'Bush's Last Day' has arrived


Tuesday, January 20
MANCHESTER — Elliott Nachwalter now knows how George Orwell would have felt in 1985 — probably a bit dated, perhaps even a little irrelevant.

Like Orwell, the author of "1984," Nachwalter's run has finally come to an end. Look no further than his countdown clocks, which should be striking zero, in unison, at noon today.

Nachwalter, a 58-year-old Arlington resident, has been counting down the hours, minutes and seconds to President George W. Bush's departure from office for the past three-and-a-half years.

That's when, upset with Bush's environmental policies, he started BLD (Bush's Last Day) Designs Inc. with his wife, Cynthia, now a million-dollar Manchester-based business that sells "01.20.09" and "Bush's Last Day" merchandise, including bumper stickers, buttons, T-shirts and — the countdown clocks.

"It's become an icon," Nachwalter said last week in his Manchester office. "It's like a cult thing, which is really, really terrific."

He said the message has taken on a life of its own. "People have made '01.20.09' what it is for them," he said. "For some people, it's specifically about the war in Iraq, others it's about the environment and others it's, 'Maybe I'll get a job after '01.20.09.''"

Part of the inspiration for Nachwalter's company came well before he, or almost anyone, had ever heard of Bush.

He was sitting in a bar in Los Gatos, Calif., when he met Gary Dahl, the inventor of the "Pet Rock."

Dahl made millions off the six-month fad in 1975, using it to open Carry Nations, the bar where he gave Nachwalter, a pipemaker at the time, one piece of advice. "He said to me, 'If you ever get an idea, and you really believe in it, just go with it — you never know.'" Nachwalter recalled.

"I filed it away," he said, "but took it to heart."

Nachwalter remembered Dahl's advice when, watching a news story about Bush's environmental policies, he turned to Cynthia and asked, "When is this going to be over?"

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The couple started selling "01.20.09" bumper stickers and buttons in their Manchester store, Northshire Outfitters, which has since been sold. Soon, they created the Web site, www.bushslastday.com, and their message began to spread.

"It spread like crazy in the first six months," Nachwalter, a Manhattan native with shaggy gray hair and a full beard, said.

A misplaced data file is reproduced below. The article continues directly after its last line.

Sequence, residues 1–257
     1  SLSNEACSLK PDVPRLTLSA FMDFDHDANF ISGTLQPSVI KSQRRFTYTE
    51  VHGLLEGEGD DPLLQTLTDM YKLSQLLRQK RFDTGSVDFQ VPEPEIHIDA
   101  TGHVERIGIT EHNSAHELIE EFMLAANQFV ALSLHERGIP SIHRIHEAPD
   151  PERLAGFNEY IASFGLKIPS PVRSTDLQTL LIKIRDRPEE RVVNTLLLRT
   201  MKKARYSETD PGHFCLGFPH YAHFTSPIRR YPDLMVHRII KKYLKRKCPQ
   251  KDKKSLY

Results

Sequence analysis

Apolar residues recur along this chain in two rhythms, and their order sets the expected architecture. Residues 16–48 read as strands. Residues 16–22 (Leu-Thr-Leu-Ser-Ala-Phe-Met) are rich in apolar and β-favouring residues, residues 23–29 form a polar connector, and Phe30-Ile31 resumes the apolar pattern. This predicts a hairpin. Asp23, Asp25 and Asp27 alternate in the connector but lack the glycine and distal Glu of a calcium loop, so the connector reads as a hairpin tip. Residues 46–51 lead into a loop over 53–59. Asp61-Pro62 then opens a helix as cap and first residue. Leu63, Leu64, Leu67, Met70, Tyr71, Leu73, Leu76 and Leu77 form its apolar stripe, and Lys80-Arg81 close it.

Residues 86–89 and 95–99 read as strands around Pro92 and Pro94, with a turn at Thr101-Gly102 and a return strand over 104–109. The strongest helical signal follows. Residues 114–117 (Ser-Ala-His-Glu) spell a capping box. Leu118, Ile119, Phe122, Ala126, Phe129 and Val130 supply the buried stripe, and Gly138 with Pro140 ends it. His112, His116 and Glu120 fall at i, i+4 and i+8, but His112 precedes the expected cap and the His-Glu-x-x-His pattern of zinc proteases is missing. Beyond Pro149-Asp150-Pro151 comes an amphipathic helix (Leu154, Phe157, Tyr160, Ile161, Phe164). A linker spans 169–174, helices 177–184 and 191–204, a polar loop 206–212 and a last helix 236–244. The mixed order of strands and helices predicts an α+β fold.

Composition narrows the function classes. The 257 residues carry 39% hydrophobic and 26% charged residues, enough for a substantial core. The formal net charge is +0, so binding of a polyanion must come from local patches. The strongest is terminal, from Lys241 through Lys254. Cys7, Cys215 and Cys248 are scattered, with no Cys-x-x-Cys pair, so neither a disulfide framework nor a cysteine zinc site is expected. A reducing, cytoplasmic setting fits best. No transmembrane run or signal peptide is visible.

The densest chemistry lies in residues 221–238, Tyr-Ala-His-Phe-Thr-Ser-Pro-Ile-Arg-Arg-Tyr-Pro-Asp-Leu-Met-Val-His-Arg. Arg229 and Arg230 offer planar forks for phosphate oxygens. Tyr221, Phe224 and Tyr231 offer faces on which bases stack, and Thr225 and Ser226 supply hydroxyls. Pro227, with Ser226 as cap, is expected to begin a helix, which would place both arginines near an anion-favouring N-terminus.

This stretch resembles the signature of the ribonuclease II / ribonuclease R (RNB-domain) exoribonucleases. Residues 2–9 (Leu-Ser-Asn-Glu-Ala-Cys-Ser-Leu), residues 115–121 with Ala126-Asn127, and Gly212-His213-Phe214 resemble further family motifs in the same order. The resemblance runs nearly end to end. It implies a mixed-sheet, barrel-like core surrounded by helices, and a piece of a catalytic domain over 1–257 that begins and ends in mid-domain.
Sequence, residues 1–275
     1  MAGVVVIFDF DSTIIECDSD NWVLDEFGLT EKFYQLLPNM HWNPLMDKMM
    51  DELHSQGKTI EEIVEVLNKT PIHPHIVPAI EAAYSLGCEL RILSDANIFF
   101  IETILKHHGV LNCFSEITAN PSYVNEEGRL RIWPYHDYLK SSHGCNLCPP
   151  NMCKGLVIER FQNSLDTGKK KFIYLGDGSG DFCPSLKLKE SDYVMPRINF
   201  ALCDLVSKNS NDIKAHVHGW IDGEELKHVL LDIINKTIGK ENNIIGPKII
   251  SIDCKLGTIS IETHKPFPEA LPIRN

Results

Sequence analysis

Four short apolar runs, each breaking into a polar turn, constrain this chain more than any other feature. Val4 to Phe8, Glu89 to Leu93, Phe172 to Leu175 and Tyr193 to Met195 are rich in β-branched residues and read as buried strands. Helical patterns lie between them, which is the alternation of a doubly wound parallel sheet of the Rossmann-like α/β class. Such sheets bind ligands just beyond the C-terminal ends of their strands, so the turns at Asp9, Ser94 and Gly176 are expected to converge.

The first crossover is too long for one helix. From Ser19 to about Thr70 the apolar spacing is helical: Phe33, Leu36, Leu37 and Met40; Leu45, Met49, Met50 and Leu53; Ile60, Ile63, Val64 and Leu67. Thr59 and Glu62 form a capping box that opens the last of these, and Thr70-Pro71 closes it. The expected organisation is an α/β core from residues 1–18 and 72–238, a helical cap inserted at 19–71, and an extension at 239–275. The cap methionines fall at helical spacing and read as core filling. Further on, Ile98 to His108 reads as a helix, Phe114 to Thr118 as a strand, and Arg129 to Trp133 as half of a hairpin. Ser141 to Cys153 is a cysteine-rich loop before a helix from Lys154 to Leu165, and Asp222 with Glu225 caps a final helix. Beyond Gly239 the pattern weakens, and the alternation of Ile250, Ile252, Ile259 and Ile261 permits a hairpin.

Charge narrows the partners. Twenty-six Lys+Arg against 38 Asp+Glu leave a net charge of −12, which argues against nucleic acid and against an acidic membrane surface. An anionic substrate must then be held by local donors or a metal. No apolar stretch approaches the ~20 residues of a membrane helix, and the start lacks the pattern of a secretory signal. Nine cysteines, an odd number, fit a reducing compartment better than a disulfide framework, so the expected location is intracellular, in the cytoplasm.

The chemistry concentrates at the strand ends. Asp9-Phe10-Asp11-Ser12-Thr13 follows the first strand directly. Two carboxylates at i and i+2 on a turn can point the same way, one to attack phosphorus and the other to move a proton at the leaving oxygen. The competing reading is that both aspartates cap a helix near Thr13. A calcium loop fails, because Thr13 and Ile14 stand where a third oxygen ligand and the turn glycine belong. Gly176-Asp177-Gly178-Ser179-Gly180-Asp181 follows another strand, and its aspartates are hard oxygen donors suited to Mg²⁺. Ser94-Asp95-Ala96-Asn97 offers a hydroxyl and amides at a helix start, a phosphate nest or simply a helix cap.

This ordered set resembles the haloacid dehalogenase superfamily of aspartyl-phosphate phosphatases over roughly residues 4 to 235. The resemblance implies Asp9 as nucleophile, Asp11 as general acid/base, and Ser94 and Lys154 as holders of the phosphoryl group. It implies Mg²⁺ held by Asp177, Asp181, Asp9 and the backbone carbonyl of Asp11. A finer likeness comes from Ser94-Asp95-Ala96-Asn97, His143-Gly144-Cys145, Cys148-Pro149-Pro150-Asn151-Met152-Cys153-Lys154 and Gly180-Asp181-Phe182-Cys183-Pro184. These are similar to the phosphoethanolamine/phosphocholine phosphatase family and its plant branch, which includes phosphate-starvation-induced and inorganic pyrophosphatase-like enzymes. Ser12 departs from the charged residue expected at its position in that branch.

Thousands of hits

Now, the merchandise, which includes gear in support of President Barack Obama, garners thousands of hits a day on the Web site and is sold in 750 stores across the country.

The original "01.20.09" bumper sticker makes frequent appearances in the 2007 movie, "Reign Over Me," starring Adam Sandler and Don Cheadle, and has been spotted on a Humvee in Iraq. Rosie O'Donnell often wears the T-shirt, and Nachwalter's been told that a number of countdown clocks are sitting in Republican Congressional offices. "They were probably counting down to (Sen. John McCain), but they were still counting down," Nachwalter said.

Nachwalter said that although Bush's presidency has benefited him financially, he has no qualms about him leaving office. "It's more important, to me, what happens with the country and the people in it then a business," he said. "I'll go on to something else."

He said he was approached about making pro-McCain gear during his campaign but refused. "You got to do what you feel good about," he said.

Nachwalter also decided not to register www.obamaslastday.com, optingfor www.obamasfirstday.com instead.

The company sold more than 50,000 balloons leading up to the inauguration and cleared out most of its merchandise through sales. Nachwalter said he and Cynthia are planning to celebrate the day quietly, with friends.

As for the future, the couple has trademarked the phrase, "let peace rain!" and a more local line, "Vermont, as green as it gets." They are also planning lines for the other New England states.

"It was a great ride," Nachwalter said. "I would do it again — I would definitely do it again."

Contact John D. Waller at jwaller@benningtonbanner.com


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